Might English rugby clubs become a target for American sports investors?
US money has been flowing into English soccer. Last fall, investors took minority stakes in Bournemouth and Crystal Palace. Buying into some of the Premiership’s lesser lights signaled growth potential and newfound cost controls trump the threat of relegation and regulation, the Financial Times reported.
Rugby enjoyed a highly profitable 2015 World Cup. But more than any other field sport with pretentions to a worldwide audience, its officials seek to tax and control commerce. The American union has historically begrudged entrepreneurship, while England is probably the most liquid market for franchises.
Last fall, USARFU sold a 15s license to PRO Rugby, which intends to run a 6-team, ‘single owner’ domestic league, just as in 2008 it took money from entrepreneur Bill Tatham for a 7s competition that never got off the ground. It’s not clear a USARFU license is a legal barrier to entry. Yet heavy-handed treatment of the Pacific Rugby Premiership and its predecessor, Rugby Premier League, hardly make American senior teams friendly to investors.
As a business proposition, England’s leading rugby clubs are some ways from their football cousins. The Barclays Premiership drew 13.7 million fans in 2014-15, making it the world’s 4th-biggest league by attendance, while the Aviva Premiership logged 1.8 million, not even in the top 50. A comparison of TV revenue is similarly lopsided: £5.1 billion ($7.4 billion) for a 3-year deal ending 2019 versus £152 million ($220.7 million) for a 3-year package through 2016.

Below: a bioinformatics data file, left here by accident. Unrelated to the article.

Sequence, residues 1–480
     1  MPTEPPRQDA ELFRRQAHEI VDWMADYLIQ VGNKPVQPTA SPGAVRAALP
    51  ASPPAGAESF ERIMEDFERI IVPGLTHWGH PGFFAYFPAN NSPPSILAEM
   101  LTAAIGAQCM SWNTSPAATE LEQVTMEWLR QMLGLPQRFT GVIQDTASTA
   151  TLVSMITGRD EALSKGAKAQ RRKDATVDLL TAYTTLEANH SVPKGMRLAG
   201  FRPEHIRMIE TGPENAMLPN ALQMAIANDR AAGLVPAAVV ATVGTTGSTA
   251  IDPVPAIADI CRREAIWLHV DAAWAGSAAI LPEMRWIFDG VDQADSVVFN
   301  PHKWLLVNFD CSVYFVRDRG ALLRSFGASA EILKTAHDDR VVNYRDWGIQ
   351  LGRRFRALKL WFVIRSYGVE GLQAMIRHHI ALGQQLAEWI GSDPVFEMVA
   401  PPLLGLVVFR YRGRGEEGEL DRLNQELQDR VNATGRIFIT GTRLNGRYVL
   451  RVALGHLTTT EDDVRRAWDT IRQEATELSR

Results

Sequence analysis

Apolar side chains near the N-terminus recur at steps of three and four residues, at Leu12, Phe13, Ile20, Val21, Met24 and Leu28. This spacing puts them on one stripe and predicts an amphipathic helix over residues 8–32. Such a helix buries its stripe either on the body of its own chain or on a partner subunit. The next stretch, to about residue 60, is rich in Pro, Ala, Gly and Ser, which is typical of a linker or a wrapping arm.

But rugby's Premiership is third largest its kind, modestly behind the Southern hemisphere’s Super Rugby and the French Top 14. It’s an English-speaking competion; its franchises are privately held; and it’s situated in the world’s largest playing base, supplemented by the halo effect of the Six Nations.
Boulder has also gone into licensing foreign internationals (e.g., New Zealand-Ireland) and even club matches (London Irish-Saracens). Ironically, then, an American investor could exploit his ‘home’ market without having to contribute to its development.